The PCAN-PC/104 card (as well as the PCAN-ISA card) must be run in a computer with APIC mode disabled. If you need to change this low-level setting in the BIOS setup, usually Windows cannot restart afterwards - a reinstallation or a repair installation of the OS is necessary.
Fortunately, this can be circumvented by installing the necessary driver in Windows before switching off the APIC mode in the BIOS setup.
NOTE 1: APIC is essential for using multiple processors/cores in a system. If you disable APIC, only a single processor/core is detected and used by Windows in a multi-processor system afterwards.
NOTE 2: The following procedure is one-way. You cannot go back the easy way. If you want to reactivate APIC later on for any reason, you must reinstall Windows (or try a repair installation).
Do the following in order to deactivate APIC:
- In Windows, start the Device Manager.
- Open the Computer branch and select the ACPI Uniprocessor PC entry.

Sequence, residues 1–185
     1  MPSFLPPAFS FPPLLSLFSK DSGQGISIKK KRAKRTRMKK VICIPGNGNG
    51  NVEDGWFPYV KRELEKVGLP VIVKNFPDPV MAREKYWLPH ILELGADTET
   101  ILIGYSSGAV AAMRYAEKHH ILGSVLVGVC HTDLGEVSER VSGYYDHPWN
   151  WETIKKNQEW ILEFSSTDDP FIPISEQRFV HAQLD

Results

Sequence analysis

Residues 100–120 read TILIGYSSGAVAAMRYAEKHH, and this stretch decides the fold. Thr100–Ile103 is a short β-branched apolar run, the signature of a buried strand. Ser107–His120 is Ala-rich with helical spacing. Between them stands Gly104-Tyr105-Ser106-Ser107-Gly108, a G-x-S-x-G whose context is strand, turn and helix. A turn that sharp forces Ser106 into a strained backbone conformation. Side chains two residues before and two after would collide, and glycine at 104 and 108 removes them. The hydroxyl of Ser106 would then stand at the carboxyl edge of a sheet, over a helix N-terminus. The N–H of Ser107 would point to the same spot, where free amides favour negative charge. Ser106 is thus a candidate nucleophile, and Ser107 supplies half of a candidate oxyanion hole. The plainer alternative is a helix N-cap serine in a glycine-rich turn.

- Click on the Update Driver icon as shown above (can be done also via context menu).
The Hardware Update Wizard pops up.
- Follow the steps of the Wizard by checking those options that are related to a manual installation of a driver (usually the lower entries of the option lists).
- When you get to the driver list, select the Advanced Configuration and Power Interface (ACPI) PC entry as shown below and click on Next.
Windows installs the needed files and requests a reboot.
- Confirm the reboot request and (!) enter the BIOS setup when the PC restarts.
- Disable the APIC mode in the BIOS setup, save the changes, and quit the BIOS setup.
- After Windows has (hopefully) restarted flawlessly and after some further seconds Windows asks for a second reboot. Confirm this and after another boot cycle you're done.
This procedure does not apply to all computers. For example, very old hardware doesn't even have an APIC mode, so you would search there for nothing. Also, this procedure isn't exhaustedly tested for
all kind of hardware. See it as a tip for saving some effort and time.
If not sure, you're welcome to ask here.